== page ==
You can find a poem in many places: at home, at school (oodles of books in the classroom!), in the library, or on-line (poets.org). Better yet, ask a friend or a family member what their favorite poem is and then copy it in your notebook.
It is important to write down the words! Record them so you have them always.
The poem I choose today is April Rain, by Langston Hughes.
Because I, too, love the rain.
Let the rain kiss you
Let the rain beat upon your head with silver liquid drops
Let the rain sing you a lullaby
The rain makes still pools on the sidewalk
The rain makes running pools in the gutter
The rain plays a little sleep song on our roof at night
And I love the rain.
Happy searching. I look forward to reading what you find.
Image from BBC News: Umbrella Protest, Hong Kong http://ichef.bbci.co.uk/news/625/media/images/77884000/jpg/_77884986_ap_umbrellas.jpg
What is the sound of love? Of respect? What is the sound of honesty?
Our principal has asked us to think about the Core Ethical Values this week; I want you to take it a step further.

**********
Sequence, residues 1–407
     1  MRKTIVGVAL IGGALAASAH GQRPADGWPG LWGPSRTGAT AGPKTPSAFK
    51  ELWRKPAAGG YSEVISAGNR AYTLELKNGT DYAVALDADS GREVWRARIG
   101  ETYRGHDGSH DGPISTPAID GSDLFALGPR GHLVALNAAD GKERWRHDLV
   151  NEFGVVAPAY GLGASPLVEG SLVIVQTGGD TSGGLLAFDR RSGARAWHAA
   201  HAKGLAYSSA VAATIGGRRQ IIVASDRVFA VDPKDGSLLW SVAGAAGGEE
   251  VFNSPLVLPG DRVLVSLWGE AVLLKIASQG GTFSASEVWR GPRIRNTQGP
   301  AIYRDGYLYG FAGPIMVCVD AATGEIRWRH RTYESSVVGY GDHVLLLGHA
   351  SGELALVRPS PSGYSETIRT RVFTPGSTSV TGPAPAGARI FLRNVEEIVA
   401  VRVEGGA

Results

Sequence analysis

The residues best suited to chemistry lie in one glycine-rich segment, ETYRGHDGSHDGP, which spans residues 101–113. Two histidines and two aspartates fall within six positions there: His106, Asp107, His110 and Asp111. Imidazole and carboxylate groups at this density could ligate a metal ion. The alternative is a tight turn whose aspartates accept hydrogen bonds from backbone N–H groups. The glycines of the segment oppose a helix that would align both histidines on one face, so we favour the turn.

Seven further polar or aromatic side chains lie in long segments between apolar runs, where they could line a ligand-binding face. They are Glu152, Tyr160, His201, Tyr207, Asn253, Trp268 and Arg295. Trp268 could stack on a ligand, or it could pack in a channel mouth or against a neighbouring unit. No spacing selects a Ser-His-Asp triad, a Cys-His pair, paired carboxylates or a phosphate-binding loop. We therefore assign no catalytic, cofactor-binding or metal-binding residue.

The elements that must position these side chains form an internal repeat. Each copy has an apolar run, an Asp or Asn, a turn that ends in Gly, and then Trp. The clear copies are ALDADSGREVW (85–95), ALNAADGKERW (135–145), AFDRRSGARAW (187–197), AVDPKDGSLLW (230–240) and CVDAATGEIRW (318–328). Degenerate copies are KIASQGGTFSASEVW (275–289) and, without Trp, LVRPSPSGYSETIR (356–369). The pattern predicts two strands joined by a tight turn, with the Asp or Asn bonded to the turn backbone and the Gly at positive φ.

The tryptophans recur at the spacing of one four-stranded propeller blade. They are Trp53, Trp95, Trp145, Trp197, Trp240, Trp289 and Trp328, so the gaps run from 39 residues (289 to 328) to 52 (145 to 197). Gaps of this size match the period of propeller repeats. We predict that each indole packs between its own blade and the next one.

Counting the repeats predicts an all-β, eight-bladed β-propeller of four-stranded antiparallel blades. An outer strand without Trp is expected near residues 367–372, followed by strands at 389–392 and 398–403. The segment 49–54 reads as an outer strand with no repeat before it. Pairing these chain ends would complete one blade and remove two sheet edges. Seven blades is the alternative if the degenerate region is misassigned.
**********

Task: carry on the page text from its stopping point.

What do those values sound like?
You can form this one as a list, but make it a specific list. Challenge yourself to use phrases and not single words. Don’t stop until you have at least ten. Then, review your list and see what you’ve got! Circle the ones you want to go back to. You may get ideas for a poem or a short scene that you can use for later entries.
Here is my sample:
Courage is the sound of….
Here are the five values. You may use something different if you wish, but keep the focus on the sound.
I started going to sleep under the tree and thought I was dreaming when the noise came.
-Christopher Paul Curtis, The Watsons go to Birmingham – 1963
And so begins a pivotal chapter in The Watsons go to Birmingham - 1963. Everything in the chapter hinges on that one sound.
Sound Part 2:
In this exercise you will choose a sound to start a scene similar to the passage above. You can approach this many ways. Some ideas:
Sounds I dislike:
nails on a chalkboard
squealing brakes of the subway
generators (too loud!)
the fly that keeps buzzing around my head. Seriously? It's September - go away already